Pounds per Acre all over again ?

Help Support CattleToday:

Stocker Steve

Well-known member
Joined
May 2, 2005
Messages
11,359
Reaction score
677
Location
Central Minnesota
I revisited some old threads over the holidays. One humorous oldie was a warning that cheap feed and cheap fuel could not last - - so we needed to buy low line bulls. I tried to ballpark how long it would take to flip a cow herd regardless of the direction chosen, and came up with 8 to 10 years... Does this sound right?
Also looked at running more yearlings. I realize the value of gain is down a bit due to cheap corn, but this still looks like a good opportunity. What prevents you from doing this, and running fewer cows? Is there too much management required or ?
 

shaz

Well-known member
Joined
Jan 9, 2010
Messages
2,338
Reaction score
708
Location
Middle Tn
Not a 100% sure what you're asking. Are you saying "why not run a smaller cow-calf herd and supplement with stockers"?
 

bball

Well-known member
Joined
Mar 25, 2015
Messages
3,483
Reaction score
5
Location
Indiana
Stocker Steve":s0nmmuks said:
I revisited some old threads over the holidays. One humorous oldie was a warning that cheap feed and cheap fuel could not last - - so we needed to buy low line bulls. I tried to ballpark how long it would take to flip a cow herd regardless of the direction chosen, and came up with 8 to 10 years... Does this sound right?
Also looked at running more yearlings. I realize the value of gain is down a bit due to cheap corn, but this still looks like a good opportunity. What prevents you from doing this, and running fewer cows? Is there too much management required or ?


Two things for me. Time and availability. My area decent yearlings just aren't readily available. 2 options: sale barn or private treaty. Sale barn is a weekly investment of time = a full day shot. To flip a coin if there will be something worth the trip. Private treaty is tough because there are very few around me and those that may have some yearlings have them priced high enough that the margin is very small. Supply and demand reigns in my neck of the woods.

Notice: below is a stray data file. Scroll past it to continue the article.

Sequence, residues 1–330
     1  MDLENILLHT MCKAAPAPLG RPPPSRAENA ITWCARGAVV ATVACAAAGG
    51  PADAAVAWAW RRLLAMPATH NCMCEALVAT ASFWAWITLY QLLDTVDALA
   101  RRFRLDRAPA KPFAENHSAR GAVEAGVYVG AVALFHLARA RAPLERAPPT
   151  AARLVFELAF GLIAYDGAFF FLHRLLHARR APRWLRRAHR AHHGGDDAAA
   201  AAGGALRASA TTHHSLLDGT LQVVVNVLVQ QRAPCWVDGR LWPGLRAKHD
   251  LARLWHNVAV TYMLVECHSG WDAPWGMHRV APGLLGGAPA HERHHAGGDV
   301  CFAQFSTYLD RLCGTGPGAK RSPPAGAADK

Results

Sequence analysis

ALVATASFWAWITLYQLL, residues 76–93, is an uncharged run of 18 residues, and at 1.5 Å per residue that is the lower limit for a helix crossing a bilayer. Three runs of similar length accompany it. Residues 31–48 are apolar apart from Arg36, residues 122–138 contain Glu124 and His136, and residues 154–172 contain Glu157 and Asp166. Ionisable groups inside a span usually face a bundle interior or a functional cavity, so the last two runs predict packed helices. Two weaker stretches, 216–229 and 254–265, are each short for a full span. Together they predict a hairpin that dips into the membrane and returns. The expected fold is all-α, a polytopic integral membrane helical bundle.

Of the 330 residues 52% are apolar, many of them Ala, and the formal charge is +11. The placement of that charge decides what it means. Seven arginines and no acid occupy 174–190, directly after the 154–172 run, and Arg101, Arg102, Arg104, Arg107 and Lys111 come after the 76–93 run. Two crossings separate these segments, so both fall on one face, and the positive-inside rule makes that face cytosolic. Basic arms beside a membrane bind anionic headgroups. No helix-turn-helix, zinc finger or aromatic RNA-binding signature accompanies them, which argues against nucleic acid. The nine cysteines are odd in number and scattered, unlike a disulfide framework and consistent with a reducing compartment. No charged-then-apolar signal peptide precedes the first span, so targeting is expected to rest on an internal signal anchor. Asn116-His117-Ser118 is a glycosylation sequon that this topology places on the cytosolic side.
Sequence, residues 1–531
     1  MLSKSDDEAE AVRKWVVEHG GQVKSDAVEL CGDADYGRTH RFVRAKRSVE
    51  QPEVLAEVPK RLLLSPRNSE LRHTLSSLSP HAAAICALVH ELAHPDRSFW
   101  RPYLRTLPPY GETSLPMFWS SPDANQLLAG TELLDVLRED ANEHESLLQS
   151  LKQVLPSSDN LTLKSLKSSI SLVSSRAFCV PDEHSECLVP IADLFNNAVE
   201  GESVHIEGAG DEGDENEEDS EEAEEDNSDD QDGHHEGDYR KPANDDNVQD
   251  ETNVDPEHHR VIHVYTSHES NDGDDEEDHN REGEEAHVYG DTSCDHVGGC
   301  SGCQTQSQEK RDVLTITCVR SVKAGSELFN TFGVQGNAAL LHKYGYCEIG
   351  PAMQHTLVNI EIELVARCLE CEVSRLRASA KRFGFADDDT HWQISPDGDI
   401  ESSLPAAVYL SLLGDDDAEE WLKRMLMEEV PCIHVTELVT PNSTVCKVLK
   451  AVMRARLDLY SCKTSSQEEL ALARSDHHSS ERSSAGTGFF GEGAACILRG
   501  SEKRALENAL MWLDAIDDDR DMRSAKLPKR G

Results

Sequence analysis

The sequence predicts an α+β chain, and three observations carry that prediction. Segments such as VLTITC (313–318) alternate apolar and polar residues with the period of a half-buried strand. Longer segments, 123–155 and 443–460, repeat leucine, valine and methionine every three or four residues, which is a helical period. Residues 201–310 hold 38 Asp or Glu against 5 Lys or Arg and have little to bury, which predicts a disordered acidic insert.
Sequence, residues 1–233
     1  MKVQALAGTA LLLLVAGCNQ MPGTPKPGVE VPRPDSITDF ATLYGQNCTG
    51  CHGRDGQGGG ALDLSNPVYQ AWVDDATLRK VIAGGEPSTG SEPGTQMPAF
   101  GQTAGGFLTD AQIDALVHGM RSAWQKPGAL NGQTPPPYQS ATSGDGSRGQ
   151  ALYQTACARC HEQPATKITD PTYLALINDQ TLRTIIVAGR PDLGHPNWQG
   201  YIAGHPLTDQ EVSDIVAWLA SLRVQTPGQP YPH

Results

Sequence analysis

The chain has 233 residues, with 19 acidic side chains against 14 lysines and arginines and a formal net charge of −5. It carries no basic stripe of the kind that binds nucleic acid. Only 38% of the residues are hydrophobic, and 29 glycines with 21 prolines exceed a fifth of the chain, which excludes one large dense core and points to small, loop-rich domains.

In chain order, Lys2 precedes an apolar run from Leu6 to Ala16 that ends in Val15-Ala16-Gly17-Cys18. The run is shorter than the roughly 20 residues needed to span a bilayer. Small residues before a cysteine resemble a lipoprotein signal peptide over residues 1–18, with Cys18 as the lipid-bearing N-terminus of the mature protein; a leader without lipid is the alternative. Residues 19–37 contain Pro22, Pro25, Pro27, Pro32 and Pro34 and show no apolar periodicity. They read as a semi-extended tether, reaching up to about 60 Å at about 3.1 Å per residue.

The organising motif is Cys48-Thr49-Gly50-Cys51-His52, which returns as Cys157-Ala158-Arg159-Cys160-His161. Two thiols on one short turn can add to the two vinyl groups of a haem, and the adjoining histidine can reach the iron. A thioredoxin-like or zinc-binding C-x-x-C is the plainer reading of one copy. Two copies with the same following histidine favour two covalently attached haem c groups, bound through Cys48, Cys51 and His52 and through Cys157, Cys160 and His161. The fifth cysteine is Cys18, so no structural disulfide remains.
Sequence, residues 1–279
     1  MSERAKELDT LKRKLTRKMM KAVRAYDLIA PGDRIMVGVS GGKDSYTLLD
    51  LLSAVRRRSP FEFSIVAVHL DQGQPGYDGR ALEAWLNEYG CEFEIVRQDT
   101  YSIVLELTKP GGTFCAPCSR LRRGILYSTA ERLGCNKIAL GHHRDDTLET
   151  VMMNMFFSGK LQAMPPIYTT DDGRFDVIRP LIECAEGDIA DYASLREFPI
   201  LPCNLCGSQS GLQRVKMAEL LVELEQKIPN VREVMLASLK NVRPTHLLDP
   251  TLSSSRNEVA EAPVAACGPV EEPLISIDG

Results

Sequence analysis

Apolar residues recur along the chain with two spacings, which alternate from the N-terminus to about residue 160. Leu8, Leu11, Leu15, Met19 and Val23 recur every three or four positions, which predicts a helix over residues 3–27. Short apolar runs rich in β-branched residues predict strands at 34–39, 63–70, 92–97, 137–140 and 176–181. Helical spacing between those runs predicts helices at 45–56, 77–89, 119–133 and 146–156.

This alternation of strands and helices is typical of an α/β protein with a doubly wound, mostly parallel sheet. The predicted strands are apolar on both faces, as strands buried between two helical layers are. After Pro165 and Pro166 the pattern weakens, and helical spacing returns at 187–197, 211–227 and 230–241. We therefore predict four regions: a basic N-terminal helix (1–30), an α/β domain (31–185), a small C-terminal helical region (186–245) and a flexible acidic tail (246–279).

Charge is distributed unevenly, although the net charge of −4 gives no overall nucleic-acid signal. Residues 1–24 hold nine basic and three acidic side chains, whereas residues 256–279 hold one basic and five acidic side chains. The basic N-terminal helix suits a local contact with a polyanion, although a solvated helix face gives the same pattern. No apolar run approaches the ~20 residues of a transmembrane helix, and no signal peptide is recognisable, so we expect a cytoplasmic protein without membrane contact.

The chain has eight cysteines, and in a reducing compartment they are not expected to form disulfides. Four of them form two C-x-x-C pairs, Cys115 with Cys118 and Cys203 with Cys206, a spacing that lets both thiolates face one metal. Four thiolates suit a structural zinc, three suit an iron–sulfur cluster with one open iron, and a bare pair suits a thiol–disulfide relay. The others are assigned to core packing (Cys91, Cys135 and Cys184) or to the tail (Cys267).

I have often wondered if I'm doing this all wrong with cow/calf. I believe I would enjoy running some stockers from spring until late fall or even first of year, but finding them around me in groups of more than 3 or 4 is a real challenge.
A neighbor of mine has 3 hog barns and also grows out some fats on the side. I suppose he has 70 to 140 beef at any given time. He runs the sale barn circuit in our area every week. We have talked often on the topic. Some weeks he brings home 4 or 5 young calfs; plenty of weeks, he drives an empty trailer home. Best he can do is keep 3 groups that are 'close' in size because the supply fluctuates greatly.
 

shaz

Well-known member
Joined
Jan 9, 2010
Messages
2,338
Reaction score
708
Location
Middle Tn
bball":3dp6zsdr said:
Stocker Steve":3dp6zsdr said:
I revisited some old threads over the holidays. One humorous oldie was a warning that cheap feed and cheap fuel could not last - - so we needed to buy low line bulls. I tried to ballpark how long it would take to flip a cow herd regardless of the direction chosen, and came up with 8 to 10 years... Does this sound right?
Also looked at running more yearlings. I realize the value of gain is down a bit due to cheap corn, but this still looks like a good opportunity. What prevents you from doing this, and running fewer cows? Is there too much management required or ?


Two things for me. Time and availability. My area decent yearlings just aren't readily available. 2 options: sale barn or private treaty. Sale barn is a weekly investment of time = a full day shot. To flip a coin if there will be something worth the trip. Private treaty is tough because there are very few around me and those that may have some yearlings have them priced high enough that the margin is very small. Supply and demand reigns in my neck of the woods.
I have often wondered if I'm doing this all wrong with cow/calf. I believe I would enjoy running some stockers from spring until late fall or even first of year, but finding them around me in groups of more than 3 or 4 is a real challenge.
A neighbor of mine has 3 hog barns and also grows out some fats on the side. I suppose he has 70 to 140 beef at any given time. He runs the sale barn circuit in our area every week. We have talked often on the topic. Some weeks he brings home 4 or 5 young calfs; plenty of weeks, he drives an empty trailer home. Best he can do is keep 3 groups that are 'close' in size because the supply fluctuates greatly.